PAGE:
Essential oils may be applied neat (undiluted) or diluted with a carrier oil (any organic fatty oil). Pour a few drops into the palm of your hand. Dip the index finger of the other hand into the oil and apply where needed.
Most therapeutic-grade essential oils are safe to use neat. However, be very careful with the “hot” or “spicy” oils. The hot oils may cause a burning sensation on the skin. Depending up where the oil is applied, it will most likely need a carrier oil (almond, olive, coconut, Young Living’s V-6 oil etc.). For instance, your face is usually more sensitive than the bottoms of your feet.
It is always a good idea to put a very small amount of the oil on your inner arm and wait to see if it causes a reaction before you use it liberally. If you use an essential oil and then have an unwanted reaction, do not use water to wash it off. Water may actually intensify the unpleasant effect. Use any vegetable oil that is handy to dilute the oil and then wash with soap and water.
Of course, if you want to intensify a desired effect (on occasional sore muscles, for example), by all means use water to drive the oil deeper into your tissues. Apply the oil, and then put a hot compress over it or get into the bath or shower.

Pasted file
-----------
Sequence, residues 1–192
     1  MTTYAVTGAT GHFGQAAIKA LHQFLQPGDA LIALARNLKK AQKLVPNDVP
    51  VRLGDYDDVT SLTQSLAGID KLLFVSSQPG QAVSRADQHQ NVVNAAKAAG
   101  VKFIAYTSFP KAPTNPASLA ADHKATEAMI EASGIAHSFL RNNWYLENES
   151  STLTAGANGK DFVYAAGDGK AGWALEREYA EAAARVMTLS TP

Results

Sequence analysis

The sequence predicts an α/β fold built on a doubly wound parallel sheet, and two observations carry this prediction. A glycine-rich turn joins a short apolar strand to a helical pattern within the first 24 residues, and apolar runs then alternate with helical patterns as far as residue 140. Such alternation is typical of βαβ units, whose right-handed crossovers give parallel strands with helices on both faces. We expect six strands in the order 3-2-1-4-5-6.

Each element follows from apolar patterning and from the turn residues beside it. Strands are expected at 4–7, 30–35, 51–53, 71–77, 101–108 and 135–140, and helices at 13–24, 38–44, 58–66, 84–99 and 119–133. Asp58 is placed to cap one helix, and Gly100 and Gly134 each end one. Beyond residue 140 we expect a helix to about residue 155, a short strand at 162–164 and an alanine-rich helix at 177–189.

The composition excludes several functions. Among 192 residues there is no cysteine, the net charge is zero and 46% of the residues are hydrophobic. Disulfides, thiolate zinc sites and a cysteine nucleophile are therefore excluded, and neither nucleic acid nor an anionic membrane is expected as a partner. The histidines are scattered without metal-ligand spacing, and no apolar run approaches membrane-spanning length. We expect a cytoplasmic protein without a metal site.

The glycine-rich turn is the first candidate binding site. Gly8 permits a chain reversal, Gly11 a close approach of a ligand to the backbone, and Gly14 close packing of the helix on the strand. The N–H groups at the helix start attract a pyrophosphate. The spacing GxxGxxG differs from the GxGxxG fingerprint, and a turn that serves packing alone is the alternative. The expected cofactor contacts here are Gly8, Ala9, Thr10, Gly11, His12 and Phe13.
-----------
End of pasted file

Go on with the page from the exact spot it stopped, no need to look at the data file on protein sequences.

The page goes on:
Do not pour essential oils directly into the bath, as the oils will float on top. Either apply the oil to your skin before getting into the bath or shower; or, add a few drops of oil to some Epsom salts and add to the bath.
Essential oils easily penetrate the skin and enter the blood stream because of their extremely small molecular size. One drop of essential oil used on the skin may be in every cell in the body within 20 minutes of application (this is one reason it is so important to use only therapeutic-grade oils).
Consult your favorite reference book for specific application direction.
Diffusing essential oil into the air is another very effective means of experiencing powerful effects. It is important to diffuse the oils without using any heat. Therapeutic-grade essential oils are purposely distilled at low temperatures to preserve the fragile therapeutic components. Applying extreme heat to them when diffusing can destroy some of those components.